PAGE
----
Residents of the Bath View Condominiums off Route 512 are unhappy with current development on the property. Phase 1 of the development has yet to be completed after a new developer came in to finish the project. However, the developer, Justin Huratiak, has begun Phase 2 of construction.

“Phase 1 must be completed prior to development [of Phase 2],” representatives from the condo association said during the Borough of Bath council meeting on September 3.

They said their development is flooded with construction vehicles blocking their parking spots and exits as the new condo units in Phase 2 begin construction.

“We are just asking for what has been promised,” they said. “What will happen if the builder does not finish Phase 1?”

Borough solicitor Jamie Kratz told residents that the borough has cash security from the developer in case improvements are not completed.

Kratz also clarified the development contract. He said the developer has done “what was required” in order to begin construction on Phase 2. He only needs to finish Phase 1 before a certificate of occupancy can be granted for the new apartments in Phase 2.

He explained that the residents of the condos bought into this situation when they bought into the development.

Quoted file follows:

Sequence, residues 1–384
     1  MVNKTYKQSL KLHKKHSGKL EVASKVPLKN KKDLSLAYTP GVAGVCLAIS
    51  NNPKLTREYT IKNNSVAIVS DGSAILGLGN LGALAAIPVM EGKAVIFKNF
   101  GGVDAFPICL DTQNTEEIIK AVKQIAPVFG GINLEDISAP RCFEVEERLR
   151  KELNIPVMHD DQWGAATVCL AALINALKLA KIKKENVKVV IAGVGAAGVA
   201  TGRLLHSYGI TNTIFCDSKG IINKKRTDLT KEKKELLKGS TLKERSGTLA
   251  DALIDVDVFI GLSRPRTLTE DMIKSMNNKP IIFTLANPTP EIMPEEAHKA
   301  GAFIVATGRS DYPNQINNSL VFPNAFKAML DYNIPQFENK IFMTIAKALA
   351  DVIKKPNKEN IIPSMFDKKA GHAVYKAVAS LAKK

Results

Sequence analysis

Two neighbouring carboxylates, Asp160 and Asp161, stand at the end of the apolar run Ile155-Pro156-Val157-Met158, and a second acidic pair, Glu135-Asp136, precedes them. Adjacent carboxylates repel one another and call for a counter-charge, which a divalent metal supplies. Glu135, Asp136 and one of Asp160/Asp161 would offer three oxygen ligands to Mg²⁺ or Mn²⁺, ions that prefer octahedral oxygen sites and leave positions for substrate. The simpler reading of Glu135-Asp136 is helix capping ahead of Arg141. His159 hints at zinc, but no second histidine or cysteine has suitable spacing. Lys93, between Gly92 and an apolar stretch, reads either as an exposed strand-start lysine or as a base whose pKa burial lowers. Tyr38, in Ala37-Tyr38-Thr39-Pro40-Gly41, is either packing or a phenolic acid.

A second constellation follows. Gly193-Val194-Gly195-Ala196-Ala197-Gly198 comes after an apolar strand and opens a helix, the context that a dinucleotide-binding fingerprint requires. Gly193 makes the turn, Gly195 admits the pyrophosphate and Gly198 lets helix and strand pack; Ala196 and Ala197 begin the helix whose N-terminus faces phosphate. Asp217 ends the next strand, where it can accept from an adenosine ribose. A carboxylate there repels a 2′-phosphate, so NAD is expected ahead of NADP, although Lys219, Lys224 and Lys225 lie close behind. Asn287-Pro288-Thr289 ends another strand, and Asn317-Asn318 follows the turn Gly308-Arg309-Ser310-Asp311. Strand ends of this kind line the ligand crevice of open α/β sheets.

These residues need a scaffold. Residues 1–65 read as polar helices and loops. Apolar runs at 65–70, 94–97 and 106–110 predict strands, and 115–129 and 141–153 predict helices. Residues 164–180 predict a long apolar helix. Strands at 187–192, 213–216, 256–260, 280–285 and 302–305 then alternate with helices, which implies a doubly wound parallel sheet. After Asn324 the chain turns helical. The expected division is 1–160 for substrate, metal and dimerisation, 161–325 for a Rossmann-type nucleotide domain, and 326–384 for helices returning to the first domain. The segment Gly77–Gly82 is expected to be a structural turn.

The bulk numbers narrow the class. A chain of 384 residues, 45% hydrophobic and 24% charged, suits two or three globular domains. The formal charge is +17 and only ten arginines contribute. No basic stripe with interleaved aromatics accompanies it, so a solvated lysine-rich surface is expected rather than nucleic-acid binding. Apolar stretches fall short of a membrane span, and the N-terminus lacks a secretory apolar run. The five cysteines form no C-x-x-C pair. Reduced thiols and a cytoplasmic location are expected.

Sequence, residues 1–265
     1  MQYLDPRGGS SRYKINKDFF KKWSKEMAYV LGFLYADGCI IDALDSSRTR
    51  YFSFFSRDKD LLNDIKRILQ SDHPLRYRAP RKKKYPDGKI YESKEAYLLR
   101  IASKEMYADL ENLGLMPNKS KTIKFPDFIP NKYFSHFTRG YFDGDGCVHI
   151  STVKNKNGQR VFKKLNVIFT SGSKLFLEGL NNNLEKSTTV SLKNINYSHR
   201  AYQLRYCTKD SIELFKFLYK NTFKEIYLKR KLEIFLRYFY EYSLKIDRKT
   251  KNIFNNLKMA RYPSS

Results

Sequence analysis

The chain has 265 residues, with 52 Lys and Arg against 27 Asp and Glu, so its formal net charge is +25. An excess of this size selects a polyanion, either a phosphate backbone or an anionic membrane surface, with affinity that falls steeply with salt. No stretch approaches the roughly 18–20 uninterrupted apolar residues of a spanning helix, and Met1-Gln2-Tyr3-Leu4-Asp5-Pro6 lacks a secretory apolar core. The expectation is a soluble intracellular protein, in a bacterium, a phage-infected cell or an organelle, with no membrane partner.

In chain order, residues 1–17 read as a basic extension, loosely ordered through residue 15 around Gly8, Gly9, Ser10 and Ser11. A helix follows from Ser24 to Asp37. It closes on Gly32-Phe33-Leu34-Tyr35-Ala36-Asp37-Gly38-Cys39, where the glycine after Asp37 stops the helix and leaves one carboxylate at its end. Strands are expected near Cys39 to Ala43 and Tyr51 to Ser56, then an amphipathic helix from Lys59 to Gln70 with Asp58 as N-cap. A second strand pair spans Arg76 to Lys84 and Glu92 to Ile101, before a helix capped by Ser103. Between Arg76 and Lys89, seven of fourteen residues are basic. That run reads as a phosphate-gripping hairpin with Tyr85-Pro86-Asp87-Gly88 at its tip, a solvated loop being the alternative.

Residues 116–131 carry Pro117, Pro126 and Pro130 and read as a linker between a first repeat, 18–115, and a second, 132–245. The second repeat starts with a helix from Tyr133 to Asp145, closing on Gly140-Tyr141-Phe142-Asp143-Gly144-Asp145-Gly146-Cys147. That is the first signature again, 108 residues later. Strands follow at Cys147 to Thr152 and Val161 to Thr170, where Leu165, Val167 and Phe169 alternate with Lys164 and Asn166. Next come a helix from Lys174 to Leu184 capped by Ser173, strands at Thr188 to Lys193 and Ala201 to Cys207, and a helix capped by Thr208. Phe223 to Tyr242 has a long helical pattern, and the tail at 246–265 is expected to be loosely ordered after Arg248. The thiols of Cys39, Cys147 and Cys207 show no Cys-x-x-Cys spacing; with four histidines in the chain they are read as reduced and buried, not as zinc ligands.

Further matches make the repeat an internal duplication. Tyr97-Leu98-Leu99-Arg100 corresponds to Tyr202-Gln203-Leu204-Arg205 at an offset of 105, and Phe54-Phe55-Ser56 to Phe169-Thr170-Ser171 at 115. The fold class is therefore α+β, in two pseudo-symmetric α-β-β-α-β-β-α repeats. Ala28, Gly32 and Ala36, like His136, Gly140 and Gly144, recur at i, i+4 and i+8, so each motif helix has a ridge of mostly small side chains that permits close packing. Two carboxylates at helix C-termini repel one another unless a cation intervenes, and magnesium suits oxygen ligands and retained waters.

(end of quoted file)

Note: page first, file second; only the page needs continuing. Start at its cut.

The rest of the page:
“It is part of the risk,” he said.

Residents also said that they are having issues with Huratiak. They said their access is blocked and road work is leaving them with flat tires. They asked for a site inspection.

Residents said they feel taken advantage of and that the developer has “been given access to control the property for his own use.”

Council appreciated residents bringing up the issues.

“If it happens day after day…and no one tells us, we cannot do anything about it,” said Councilman Mark Saginario.

Citations have been issued and council said the borough is “doing what it can do from a zoning side.” Kratz added that the borough will not release anything on an open investigation into the property.

In other news, council voted to remove “No Parking” signs at unused rental spots in the borough’s public parking lot.

“We need public parking,” said Councilman Frank Hesch.

Signs will be erected as the spots are rented.

Finally, Mayor Fiorella Mirabito announced that the borough’s neighborhood watch group is in “serious need” of block captains.

She asked residents to “step up to the plate” and work with State Police to put together a strong and engaging watch group for the borough.


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